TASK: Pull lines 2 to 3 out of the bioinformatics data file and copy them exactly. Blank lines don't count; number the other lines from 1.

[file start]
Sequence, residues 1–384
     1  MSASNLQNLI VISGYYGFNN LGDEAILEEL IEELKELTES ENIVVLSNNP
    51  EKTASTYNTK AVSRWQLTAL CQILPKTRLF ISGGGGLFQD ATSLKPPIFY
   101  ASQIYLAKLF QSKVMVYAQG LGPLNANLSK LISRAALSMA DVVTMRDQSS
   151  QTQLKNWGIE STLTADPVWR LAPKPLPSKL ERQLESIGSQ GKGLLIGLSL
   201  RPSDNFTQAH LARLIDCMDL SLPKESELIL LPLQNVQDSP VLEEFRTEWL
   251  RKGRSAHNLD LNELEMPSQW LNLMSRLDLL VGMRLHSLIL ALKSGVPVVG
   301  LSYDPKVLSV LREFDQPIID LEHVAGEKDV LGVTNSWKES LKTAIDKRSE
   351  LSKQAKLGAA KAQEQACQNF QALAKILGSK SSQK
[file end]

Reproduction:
     1  MSASNLQNLI VISGYYGFNN LGDEAILEEL IEELKELTES ENIVVLSNNP
    51  EKTASTYNTK AVSRWQLTAL CQILPKTRLF ISGGGGLFQD ATSLKPPIFY